Tuesday, October 27, 2009

Roll your own Walker

A couple weeks ago, the Diageo folks brought Andrew Ford, the Johnnie Walker blender, to town, and he brought with him various single malts for a blending exercise. Andrew mentioned that he'd stopped off to fill some bottles personally for the event and it's pretty clear, once we started nosing the various glasses poured for us, that Cardhu was back in town after a long absence. The malt is so beloved by the Spanish that Diageo pulled it out of the U.S. years ago (and even started agitating for the ability to sell a vatted malt called Cardhu, which raised a potent stink in whisky circles).
Along with that Speyside, we were offered portions of a grain whisky, an Islay (Caol Ila is my guess), a Highland (Royal Lochnagar?), a Lowland (Glenkinchie), a west Highland (Oban), and a non-Islay island (Talisker). And so we tried to replicate the signature JW Black blend ourselves.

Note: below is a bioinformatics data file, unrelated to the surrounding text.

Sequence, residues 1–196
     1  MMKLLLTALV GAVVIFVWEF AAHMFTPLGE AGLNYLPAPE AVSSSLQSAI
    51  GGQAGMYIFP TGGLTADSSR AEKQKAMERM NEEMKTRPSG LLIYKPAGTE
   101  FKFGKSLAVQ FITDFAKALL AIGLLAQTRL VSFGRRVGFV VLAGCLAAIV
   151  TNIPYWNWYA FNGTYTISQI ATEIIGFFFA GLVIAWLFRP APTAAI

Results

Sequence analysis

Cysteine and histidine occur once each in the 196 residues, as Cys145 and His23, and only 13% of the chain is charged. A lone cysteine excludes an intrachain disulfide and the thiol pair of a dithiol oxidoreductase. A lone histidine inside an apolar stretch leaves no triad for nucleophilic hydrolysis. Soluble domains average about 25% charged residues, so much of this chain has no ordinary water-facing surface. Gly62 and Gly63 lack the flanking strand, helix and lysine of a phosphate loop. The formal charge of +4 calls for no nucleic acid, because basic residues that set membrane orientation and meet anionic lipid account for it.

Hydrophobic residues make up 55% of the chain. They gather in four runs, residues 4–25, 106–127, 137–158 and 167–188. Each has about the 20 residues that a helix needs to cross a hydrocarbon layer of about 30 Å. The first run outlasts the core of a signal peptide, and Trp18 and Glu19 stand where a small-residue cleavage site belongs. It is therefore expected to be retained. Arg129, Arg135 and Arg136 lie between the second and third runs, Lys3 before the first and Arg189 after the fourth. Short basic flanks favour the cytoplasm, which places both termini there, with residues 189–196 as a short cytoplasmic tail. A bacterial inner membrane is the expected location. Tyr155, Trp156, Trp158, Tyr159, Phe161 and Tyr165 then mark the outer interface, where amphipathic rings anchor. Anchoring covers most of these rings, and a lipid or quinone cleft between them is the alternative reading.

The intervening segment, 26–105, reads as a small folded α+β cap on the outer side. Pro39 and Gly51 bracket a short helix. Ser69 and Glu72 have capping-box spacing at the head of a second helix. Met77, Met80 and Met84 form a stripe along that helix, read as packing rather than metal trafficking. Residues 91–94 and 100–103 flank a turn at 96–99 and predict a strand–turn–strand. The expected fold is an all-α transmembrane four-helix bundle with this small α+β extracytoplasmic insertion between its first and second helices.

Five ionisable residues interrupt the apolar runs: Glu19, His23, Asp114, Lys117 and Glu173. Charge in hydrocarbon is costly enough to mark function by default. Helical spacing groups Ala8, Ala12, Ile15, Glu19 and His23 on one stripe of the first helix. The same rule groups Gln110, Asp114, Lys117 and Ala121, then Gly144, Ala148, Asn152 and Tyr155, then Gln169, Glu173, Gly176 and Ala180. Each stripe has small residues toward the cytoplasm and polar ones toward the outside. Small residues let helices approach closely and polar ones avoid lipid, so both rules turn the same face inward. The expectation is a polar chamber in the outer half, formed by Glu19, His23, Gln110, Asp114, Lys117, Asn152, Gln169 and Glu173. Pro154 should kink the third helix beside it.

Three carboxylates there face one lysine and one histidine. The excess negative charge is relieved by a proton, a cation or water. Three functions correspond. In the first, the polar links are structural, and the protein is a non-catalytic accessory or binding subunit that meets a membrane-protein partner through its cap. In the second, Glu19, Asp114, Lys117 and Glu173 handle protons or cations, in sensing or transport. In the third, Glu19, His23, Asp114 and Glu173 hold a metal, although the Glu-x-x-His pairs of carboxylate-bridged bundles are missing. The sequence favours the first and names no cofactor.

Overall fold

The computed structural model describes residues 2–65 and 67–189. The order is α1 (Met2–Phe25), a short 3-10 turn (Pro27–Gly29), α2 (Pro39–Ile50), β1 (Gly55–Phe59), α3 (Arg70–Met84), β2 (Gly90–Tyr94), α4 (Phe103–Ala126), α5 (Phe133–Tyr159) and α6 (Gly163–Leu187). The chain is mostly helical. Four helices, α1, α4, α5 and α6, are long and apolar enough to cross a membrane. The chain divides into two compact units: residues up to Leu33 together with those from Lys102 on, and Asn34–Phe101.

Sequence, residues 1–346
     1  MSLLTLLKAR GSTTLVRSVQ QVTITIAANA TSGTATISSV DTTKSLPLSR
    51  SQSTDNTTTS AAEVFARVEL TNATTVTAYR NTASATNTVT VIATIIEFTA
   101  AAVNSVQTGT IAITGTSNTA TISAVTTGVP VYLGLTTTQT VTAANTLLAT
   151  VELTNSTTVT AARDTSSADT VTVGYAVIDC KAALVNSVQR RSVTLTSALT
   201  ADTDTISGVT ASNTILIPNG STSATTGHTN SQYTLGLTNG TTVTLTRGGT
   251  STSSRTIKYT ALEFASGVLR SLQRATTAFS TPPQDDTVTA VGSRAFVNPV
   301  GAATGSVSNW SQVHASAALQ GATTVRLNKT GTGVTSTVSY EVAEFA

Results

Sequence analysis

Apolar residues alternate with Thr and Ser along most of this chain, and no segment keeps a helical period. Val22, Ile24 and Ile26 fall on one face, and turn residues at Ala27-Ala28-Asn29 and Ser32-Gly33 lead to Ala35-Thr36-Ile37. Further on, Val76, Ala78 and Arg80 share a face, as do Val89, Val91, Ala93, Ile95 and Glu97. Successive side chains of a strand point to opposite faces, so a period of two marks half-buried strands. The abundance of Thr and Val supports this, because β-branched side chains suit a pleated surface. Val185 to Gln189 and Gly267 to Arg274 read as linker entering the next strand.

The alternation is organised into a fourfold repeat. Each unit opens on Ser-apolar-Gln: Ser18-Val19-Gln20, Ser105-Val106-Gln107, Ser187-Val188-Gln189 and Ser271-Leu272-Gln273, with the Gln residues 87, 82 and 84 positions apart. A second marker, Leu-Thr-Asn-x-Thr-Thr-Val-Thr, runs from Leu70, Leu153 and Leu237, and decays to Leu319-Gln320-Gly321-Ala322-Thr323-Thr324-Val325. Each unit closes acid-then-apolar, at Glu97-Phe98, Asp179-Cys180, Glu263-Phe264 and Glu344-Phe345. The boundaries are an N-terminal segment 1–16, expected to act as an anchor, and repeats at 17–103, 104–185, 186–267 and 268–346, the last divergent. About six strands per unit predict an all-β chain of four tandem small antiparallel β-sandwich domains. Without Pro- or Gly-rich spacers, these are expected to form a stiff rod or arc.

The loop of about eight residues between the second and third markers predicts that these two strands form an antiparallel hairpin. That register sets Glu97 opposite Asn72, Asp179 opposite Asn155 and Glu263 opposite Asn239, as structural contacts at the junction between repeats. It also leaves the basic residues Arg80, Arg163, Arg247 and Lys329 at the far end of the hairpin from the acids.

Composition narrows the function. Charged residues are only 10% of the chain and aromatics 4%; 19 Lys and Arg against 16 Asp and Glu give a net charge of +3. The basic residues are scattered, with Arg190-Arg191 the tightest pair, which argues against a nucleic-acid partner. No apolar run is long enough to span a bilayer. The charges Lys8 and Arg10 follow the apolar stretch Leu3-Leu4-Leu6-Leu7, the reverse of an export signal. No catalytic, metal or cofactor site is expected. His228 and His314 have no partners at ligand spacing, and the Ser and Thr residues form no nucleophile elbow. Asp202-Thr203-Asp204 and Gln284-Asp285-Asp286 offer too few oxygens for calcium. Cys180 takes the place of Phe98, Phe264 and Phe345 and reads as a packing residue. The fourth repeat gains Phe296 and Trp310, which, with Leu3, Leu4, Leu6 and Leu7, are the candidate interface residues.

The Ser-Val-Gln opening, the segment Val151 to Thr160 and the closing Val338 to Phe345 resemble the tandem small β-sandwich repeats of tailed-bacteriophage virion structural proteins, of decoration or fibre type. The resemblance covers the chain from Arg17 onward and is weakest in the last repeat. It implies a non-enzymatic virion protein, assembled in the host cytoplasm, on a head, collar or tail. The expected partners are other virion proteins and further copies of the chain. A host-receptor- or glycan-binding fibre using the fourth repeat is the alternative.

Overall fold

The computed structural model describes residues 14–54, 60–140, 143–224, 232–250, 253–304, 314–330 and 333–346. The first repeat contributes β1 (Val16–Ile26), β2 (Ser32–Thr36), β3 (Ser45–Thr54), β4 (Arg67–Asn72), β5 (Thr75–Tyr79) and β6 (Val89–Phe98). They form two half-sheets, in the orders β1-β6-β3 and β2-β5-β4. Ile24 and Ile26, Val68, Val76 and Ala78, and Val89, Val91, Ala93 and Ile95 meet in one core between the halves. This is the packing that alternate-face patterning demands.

What did I learn? Well, for one, that even with the superior drams mentioned above, mxing together something coming that doesn't bowl you over yet still has a smokey, lusty JWB pop isn't just a matter of pouring on the flavor. Balance is hard to reach, and the single malts seem to get more intense when mixed together, without the correct level of grain whisky to harmonize matters. So kudos for the much-maligned blended Scotch blenders like Mr. A. Ford. And I also was reminded, after a long time between tastes of some of these Diageo whiskies, how much I really, truly love Caol Ila and Talisker.

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